Iran’s leadership is ready to “starve its people” to take over the Middle East and “restore the Persian Empire”, a current affair expert claimed as fears of clashes between Washington and Tehran grow, the Daily Express reported.
The Iranian government, led by the Supreme Leader Ali Khamenei and a class of Islamic clerics, dreams of redrawing the map of the Middle East and bring the neighbouring states under its control, according to John Xenakis, a current affair expert.
Mr Xenakis, author of 'World View: Iran's Struggle for Supremacy', said: "The leadership is fanatically obsessed with restoring the Persian Empire and gaining hegemony over the whole region.
"There is no scenario in which that can happen, but they're willing to spend money, starving their people, in order to gain influence with the Houthis, Hezbollah, al-Assad, and Hamas."
However, Tehran is facing the fierce opposition from internal and external forces.
Tehran is struggling to keep its economy afloat after Washington issued crippling sanctions following Donald Trump’s decision to pull out of the JCPOA, also known as Iran nuclear deal.
In August, Mr Trump prohibited Iran from using US currency, dealing a first heavy blow to ISIS.
He also barred Tehran from buying US and European aircraft and trading in cars and metals.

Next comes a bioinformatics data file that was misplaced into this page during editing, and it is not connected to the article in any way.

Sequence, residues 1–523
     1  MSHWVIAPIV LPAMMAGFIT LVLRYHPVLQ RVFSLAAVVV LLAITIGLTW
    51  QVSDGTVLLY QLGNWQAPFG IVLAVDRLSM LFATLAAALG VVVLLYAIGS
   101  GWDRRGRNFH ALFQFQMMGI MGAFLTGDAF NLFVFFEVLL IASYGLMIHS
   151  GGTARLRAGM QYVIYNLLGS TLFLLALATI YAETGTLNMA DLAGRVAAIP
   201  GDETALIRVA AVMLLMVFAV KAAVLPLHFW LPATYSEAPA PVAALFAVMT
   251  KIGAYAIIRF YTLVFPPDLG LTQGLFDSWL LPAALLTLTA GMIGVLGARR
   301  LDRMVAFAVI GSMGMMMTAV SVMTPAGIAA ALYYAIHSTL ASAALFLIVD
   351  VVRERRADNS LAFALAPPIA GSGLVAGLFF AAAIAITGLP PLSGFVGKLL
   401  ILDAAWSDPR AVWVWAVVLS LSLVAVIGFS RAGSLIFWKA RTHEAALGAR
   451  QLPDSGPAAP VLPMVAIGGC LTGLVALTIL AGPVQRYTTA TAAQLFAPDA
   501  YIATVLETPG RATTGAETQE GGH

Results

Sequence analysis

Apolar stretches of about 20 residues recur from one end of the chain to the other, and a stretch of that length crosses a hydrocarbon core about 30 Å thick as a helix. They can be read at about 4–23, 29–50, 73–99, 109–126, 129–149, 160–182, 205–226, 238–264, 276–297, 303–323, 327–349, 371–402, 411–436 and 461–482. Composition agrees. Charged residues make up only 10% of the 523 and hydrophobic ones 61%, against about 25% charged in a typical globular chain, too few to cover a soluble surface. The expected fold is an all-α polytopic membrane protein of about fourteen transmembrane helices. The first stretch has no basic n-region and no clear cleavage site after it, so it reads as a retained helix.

The US President has also announced further sanctions will be issued in November, and has urged financial partners of Tehran, including the European Union, to refrain from importing the country’s oil in a bid to cut the country’s exports to zero.
Iran’s president, Hassan Rouhani, hit back - accusing the US administration of “bullying” Iran’s partners at his speech during last month’s annual gathering of the UN General Assembly.
Earlier this week, Mr Rouhani claimed the US is seeking a “regime change” in Iran.
In a speech broadcasted by the Iranian state TV, he said: “In the past 40 years there has not been a more spiteful team than the current US government team towards Iran and Iranians.
“There was a time when there was one person who had enmity.
“The rest were moderate. Now the worst has gathered around each other.”
But Iran is also facing internal rebellions from the younger generations, tired of its extremist leadership, Mr Xenakis explained.
The internal infighting, which erupted earlier this year in violent protests in the streets of many Iranian cities, makes it even more difficult for the ruling class in Tehran to pursue its dream, a restored "Persian Empire", according to the expert.
He said: ”Today, there's a huge generation gap in Iran.
"The older generations, the ones who live through the Great Iranian Revolution [which in 1979 overthrew a long-standing Persian monarchy] and the Iran versus Iraq war, are fanatical in wanting to gain hegemony over the entire region.
"The younger generations are strongly anti-war.
"They see the extreme corruption in the government, and believe that the money that Iran gained through the JCPOA was wasted on the elite, especially on wealthy clerics, on the IRGC, and on wars in Yemen and Syria, and in wasting money on the Palestinians.
"Now that the sanctions have been reapplied, Iran's economy is in difficulty, and the leadership is restrained by lack of money and lack of support from younger generations."